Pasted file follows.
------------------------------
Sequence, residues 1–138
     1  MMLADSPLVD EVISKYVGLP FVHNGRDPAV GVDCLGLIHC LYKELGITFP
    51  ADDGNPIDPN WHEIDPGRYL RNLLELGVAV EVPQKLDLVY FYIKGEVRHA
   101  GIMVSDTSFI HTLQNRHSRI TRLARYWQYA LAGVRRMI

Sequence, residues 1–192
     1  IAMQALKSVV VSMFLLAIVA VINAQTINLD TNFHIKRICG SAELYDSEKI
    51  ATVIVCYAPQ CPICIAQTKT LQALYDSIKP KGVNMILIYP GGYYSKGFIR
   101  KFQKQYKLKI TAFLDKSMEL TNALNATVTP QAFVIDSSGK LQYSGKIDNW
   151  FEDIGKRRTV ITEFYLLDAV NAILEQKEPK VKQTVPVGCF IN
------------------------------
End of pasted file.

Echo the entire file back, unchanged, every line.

Sequence, residues 1–138
     1  MMLADSPLVD EVISKYVGLP FVHNGRDPAV GVDCLGLIHC LYKELGITFP
    51  ADDGNPIDPN WHEIDPGRYL RNLLELGVAV EVPQKLDLVY FYIKGEVRHA
   101  GIMVSDTSFI HTLQNRHSRI TRLARYWQYA LAGVRRMI

Sequence, residues 1–192
     1  IAMQALKSVV VSMFLLAIVA VINAQTINLD TNFHIKRICG SAELYDSEKI
    51  ATVIVCYAPQ CPICIAQTKT LQALYDSIKP KGVNMILIYP GGYYSKGFIR
   101  KFQKQYKLKI TAFLDKSMEL TNALNATVTP QAFVIDSSGK LQYSGKIDNW
   151  FEDIGKRRTV ITEFYLLDAV NAILEQKEPK VKQTVPVGCF IN